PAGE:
Government reviews whether the available penalties provide sufficient
deterrent effect and work with the Sentencing Council and the
Magistrates' Association to introduce sentencing guidelines for
the judiciary and training for magistrates in relation to wildlife
Policing wildlife crime
62. Richard Crompton, the former ACPO lead on
wildlife crime, highlighted that in practice effective wildlife
crime policing required a degree of specialisation:
Wildlife crime legislation is a labyrinth of fairly
old legislation and very complex legislation
cop out there has a rudimentary understanding of that at best,
probably based upon a half an hour or an hour's lecture that was
given many years ago in a classroom somewhere during their initial
I think it would be probably unrealisticwell,
undoubtedly unrealisticto expect every police officer in
the country to have the sort of knowledge of wildlife crime procedure,
legislation and so on that the specialists have.
What specialisation in wildlife crime enforcement
means in practice is, as the then Home Office Minister Lord Henley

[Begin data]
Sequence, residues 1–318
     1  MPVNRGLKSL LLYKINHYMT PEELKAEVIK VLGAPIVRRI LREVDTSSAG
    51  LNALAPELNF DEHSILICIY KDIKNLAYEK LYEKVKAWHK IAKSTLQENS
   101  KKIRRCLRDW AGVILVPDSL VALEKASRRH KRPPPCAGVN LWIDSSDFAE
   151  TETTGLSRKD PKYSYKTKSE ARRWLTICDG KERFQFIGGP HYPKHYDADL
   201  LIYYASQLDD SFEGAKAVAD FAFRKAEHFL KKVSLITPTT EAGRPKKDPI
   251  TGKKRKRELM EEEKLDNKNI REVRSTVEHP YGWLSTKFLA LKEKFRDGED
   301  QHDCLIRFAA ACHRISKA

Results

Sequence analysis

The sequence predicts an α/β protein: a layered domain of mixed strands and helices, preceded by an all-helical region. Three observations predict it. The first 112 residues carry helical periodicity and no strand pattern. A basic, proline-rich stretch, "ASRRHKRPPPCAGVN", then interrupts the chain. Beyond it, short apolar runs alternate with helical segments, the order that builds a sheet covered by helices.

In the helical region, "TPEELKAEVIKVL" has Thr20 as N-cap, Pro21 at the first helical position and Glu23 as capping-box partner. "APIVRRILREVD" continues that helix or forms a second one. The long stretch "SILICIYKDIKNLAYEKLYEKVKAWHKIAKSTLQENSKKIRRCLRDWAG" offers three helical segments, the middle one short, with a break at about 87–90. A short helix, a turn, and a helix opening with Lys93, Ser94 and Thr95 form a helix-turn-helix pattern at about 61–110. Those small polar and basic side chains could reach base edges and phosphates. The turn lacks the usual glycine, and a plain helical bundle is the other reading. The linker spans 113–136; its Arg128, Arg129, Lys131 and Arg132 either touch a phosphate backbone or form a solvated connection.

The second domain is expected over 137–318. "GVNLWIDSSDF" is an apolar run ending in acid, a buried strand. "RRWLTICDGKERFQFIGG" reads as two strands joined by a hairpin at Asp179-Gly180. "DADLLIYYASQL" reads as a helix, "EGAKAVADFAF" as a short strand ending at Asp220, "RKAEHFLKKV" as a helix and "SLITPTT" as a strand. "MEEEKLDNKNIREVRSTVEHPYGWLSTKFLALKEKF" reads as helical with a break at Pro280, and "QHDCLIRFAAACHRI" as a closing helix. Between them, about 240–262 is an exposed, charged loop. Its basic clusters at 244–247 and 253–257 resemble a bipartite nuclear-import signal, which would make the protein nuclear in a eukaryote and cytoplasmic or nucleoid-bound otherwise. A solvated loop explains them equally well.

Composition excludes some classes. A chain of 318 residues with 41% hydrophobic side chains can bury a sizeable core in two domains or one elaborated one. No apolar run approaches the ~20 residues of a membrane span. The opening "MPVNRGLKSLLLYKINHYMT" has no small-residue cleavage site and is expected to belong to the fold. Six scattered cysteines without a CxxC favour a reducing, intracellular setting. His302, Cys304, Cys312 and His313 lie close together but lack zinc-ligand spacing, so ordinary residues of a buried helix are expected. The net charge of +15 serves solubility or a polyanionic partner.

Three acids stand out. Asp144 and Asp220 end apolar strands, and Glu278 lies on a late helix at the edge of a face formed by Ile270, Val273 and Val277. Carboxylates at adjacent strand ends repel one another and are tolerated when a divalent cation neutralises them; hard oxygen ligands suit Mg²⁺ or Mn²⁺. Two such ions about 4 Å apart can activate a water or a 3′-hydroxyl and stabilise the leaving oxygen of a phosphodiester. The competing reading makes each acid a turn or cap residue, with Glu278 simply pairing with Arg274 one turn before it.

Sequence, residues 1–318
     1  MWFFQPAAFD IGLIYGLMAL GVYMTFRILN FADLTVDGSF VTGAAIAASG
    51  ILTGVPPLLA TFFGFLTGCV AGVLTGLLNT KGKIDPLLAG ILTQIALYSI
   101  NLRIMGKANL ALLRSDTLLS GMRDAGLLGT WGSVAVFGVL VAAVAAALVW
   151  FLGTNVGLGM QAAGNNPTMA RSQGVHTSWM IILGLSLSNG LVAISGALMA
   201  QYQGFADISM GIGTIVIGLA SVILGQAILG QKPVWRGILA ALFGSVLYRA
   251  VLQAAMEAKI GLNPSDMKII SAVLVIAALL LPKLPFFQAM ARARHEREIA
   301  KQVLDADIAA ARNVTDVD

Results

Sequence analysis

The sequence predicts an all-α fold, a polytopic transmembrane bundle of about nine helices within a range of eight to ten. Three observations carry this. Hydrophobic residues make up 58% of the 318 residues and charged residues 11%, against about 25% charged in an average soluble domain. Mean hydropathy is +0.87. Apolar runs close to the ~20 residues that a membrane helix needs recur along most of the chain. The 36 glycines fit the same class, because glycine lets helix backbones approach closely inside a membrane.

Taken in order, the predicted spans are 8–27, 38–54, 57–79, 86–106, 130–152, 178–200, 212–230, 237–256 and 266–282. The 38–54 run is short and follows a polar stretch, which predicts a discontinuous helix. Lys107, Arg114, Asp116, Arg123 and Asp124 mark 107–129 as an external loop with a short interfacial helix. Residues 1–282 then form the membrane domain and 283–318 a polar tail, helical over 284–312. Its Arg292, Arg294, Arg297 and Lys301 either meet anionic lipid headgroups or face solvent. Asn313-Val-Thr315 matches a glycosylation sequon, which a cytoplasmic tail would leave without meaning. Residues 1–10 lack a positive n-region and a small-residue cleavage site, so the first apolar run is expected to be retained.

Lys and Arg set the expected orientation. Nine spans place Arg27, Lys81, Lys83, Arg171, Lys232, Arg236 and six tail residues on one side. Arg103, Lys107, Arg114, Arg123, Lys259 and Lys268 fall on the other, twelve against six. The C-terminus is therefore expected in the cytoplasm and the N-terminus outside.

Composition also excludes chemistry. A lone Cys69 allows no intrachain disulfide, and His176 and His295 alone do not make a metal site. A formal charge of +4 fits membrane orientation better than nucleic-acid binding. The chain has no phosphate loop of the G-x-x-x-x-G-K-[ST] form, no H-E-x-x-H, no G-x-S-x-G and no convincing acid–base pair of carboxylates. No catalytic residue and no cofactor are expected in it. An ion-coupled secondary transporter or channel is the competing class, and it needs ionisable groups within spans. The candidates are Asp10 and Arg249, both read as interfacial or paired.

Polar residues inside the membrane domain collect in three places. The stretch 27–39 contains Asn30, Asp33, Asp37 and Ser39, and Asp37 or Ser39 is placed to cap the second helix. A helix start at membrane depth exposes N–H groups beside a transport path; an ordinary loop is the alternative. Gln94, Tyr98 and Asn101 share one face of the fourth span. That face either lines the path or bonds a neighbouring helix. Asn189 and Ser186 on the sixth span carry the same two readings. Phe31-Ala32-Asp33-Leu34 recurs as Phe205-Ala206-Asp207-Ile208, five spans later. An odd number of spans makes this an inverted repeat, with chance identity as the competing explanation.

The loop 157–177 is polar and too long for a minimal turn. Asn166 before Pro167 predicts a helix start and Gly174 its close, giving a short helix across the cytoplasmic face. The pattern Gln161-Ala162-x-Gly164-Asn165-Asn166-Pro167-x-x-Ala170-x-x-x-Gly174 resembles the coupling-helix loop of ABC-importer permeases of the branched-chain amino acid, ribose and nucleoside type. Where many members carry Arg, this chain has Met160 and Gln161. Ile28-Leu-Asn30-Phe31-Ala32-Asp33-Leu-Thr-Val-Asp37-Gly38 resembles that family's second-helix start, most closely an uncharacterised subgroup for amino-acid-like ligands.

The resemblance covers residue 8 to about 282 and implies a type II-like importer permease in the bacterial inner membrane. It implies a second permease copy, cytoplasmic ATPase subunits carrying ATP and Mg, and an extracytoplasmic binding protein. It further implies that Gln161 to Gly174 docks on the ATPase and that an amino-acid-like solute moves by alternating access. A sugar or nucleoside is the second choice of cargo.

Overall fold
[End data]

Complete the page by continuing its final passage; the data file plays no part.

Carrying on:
pointed out, a matter for individual police forces depending on
their local priorities.
Most police forces deploy specialist wildlife crime officers,
who handle cases involving wildlife crime and advise other officers.
In some forces, the wildlife crime officer role has evolved to
encompass environmental crime, such as fly-tipping, which appears
to make operational sense in rural areas.
Another example of tailoring wildlife crime policing to local
circumstances is provided by the Metropolitan Police Service,
which operates the only force-level wildlife crime unit in the
UK in order to address the unique issues raised by London's role
as a capital city, transport hub, commercial centre and home to
a diverse population.
63. We discussed the impact of the new elected
police and crime commissioners with both the former and the current